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The Countryside Alliance has responded to claims that Klarna, a major global payments company, has cut off UK shooting and countryside sports retailers from its services. This incident arises as the shooting sector continues to be groundlessly targeted by financial institutions. Just two months ago, another financial services firm, SumUp, banned hunts from taking card payments at fundraising events.
The Daily Telegraph reported that Klarna has abruptly cancelled partnerships with numerous shooting-related businesses on the basis that their products infringe the company’s ethics policies. One business owner affected, Richard Stebbings, was told the air rifles and ammunition he sells in his sporting goods shop have dual-use purposes as ‘weapons’, which have illegitimate uses according to Klarna’s guidelines.
By effect, Klarna has wrongly demonised business owners and participants within the shooting sector as criminals. The firm seems to be ignorant to the fact that countryside sports are carefully regulated by UK lawmakers and that a police-issued certificate is required for both the purchase and sale of guns and ammunition – a certificate which depends upon the completion of criminal and medical background checks.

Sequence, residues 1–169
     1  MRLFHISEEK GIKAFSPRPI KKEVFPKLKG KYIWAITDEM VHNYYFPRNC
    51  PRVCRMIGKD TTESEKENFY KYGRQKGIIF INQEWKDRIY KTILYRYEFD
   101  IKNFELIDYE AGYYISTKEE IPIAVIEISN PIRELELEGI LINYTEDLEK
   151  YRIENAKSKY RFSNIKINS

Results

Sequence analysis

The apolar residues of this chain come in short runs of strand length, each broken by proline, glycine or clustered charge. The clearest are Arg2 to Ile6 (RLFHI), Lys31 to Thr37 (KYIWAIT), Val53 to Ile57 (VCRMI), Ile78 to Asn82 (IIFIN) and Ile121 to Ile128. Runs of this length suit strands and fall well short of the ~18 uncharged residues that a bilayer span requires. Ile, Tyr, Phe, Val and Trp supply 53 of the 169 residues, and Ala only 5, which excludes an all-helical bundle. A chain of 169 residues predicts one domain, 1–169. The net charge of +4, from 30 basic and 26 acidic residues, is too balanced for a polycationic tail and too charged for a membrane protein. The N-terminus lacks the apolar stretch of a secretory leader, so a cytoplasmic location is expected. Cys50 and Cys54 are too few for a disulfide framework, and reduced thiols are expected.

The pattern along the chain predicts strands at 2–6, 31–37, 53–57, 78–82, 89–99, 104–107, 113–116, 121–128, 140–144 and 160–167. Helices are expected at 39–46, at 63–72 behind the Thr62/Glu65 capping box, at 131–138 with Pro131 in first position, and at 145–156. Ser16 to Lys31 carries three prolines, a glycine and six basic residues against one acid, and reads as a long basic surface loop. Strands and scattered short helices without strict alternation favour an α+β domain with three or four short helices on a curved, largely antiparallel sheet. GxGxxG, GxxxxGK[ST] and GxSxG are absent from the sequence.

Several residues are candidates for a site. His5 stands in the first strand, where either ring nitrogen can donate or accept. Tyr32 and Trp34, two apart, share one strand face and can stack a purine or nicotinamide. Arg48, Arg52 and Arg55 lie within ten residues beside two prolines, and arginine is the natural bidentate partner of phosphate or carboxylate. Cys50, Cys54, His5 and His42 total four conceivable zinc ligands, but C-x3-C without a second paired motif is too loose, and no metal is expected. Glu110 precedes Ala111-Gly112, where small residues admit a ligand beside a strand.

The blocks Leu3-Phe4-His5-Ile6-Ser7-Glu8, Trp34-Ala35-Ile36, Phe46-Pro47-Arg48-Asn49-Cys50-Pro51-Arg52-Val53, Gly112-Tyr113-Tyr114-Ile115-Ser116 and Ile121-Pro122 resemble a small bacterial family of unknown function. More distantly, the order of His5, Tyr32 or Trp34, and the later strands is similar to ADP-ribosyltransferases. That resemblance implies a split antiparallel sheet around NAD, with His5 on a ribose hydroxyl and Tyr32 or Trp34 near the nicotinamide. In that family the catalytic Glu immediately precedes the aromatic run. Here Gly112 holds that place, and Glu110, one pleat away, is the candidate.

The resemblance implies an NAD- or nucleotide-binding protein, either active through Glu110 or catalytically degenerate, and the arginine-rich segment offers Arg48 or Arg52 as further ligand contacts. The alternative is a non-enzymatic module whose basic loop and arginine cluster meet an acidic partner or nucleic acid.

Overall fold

Mo Metcalf-Fisher, Director of External Affairs at the Countryside Alliance, said there was “no justification for refusing financial services to law-abiding businesses connected to the shooting sector.”
He added: “Klarna’s sudden, perplexing ‘computer says no’ style response to legitimate business owners within the sector is wholly inappropriate.
“We sincerely hope that Klarna swiftly familiarises itself with UK firearms law and reverses its divisive and unnecessary position immediately”.
Misinformed policies recurrently cause tangible harm to legitimate shooting businesses. A third of shooting businesses reported having their accounts suddenly closed down, including by major high street banks, such as HSBC, Barclays, Lloyds, and NatWest.